According to the Wall Street Journal, Google plans to spend at least $1bn on 180 satellites to link unconnected areas of the world to the Internet. In April, Google purchased Titan Aerospace, a drone manufacturer capable of creating high-altitude solar-powered drones to provide Internet signals down to the Earth. This is a relatively new undertaking; in 2013 Google also started its Project Loon, which uses giant balloons as high-altitude Internet service providers (ISP).
Facebook has also been working to achieve the same goal. It has been working with scientists in NASA’s Jet Propulsion Lab and Ames Research Center, and recently purchased Ascenta, a UK-based company that manufactures solar-powered drones (Forbes).
The first company to reach the Internet-less areas of the world will essentially be filling a vacuum that would allow their brand to be dominant in a large new market. Both companies seem to prefer satellite Internet to achieve this goal, but what are the implications? How does our Internet actually work?
- Uses a dish on ground level to communicate with the satellites in the sky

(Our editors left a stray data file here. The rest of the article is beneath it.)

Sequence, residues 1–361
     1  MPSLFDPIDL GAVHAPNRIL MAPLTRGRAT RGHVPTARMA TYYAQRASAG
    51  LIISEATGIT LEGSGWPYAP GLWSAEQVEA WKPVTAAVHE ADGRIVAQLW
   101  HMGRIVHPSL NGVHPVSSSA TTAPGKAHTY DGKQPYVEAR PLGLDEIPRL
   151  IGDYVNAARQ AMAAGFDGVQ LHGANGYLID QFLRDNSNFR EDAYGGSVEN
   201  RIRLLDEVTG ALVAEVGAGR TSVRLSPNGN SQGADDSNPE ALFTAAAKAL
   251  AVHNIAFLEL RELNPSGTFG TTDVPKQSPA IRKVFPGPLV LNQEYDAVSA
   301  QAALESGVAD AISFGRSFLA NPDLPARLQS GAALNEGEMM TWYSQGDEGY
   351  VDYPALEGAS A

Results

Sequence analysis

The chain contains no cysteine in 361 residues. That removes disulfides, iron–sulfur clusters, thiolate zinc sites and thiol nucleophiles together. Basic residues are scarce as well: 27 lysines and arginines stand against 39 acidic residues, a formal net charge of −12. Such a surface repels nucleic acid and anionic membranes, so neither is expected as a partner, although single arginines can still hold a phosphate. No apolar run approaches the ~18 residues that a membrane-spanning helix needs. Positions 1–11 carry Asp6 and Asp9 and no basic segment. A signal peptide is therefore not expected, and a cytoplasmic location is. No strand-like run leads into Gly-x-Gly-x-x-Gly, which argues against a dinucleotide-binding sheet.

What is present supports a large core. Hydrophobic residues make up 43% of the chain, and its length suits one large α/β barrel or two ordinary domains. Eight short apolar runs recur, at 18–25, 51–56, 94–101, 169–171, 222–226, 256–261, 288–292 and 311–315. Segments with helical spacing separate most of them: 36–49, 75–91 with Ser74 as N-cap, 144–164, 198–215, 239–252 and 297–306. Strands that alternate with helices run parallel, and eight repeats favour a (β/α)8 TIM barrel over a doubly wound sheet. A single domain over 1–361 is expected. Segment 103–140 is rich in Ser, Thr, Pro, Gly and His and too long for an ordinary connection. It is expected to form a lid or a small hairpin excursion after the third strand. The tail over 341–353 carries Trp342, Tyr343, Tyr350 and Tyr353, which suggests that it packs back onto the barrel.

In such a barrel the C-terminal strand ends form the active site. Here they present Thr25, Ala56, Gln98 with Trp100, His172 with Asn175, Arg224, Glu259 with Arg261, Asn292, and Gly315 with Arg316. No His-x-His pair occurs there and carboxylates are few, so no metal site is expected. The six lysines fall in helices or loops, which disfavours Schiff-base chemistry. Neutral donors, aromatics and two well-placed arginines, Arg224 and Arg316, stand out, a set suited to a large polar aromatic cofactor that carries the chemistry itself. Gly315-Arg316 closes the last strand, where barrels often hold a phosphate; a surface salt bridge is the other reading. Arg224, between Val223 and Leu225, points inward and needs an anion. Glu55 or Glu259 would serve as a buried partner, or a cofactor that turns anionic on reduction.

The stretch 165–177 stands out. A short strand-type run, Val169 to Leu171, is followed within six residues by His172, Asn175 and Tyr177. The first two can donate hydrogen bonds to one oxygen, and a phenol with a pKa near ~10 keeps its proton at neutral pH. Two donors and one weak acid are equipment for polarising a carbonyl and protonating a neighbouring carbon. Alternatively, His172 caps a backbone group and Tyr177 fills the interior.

- Tends to be slightly slower than wired Internet
- Uses physical cables such as telephone lines, cable lines, or fiber optic lines that run through an area and then are connected to buildings via wires and outlets
WIFI is an adaptation of wired Internet, not another form of Internet connection (as it is often thought to be). Each local area network (LAN) is created using a router which emits wave signals. Devices usually have built-in wireless chips to receive and send signals with the router, which allows all devices on one home network to work with each other for data sharing (this is also how printing works wirelessly). The routers are connected to the Internet via cable/wired Internet – this is what provides all the devices in the network with Internet connection (cnet.com).
Cable Internet Vs. Satellite Internet:
- Cable Internet is more reliable: satellite signals can be weakened by inclement weather or physical structures
- Cable Internet is considerably faster than Satellite Internet: 20-100Mbps vs 1-15Mbps (businessbee.com)
- Satellite Internet is more accessible in rural areas: only a satellite dish is required
It seems that even though Cable Internet would be more reliable and faster than Satellite Internet, Google and Facebook are opting to use Satellite instead, creating drones that will sit lower in the sky for a better Internet signal. It may be expensive to develop these special drones, and there will still be the cost of installing the ground-level satellite dishes, but for these companies, the potential reward of creating a substantial new market is worth it.
It’s worth wondering though, with the way our Internet speed has been increasing year by year, could the slower speed of a satellite connection be more relevant than we think?
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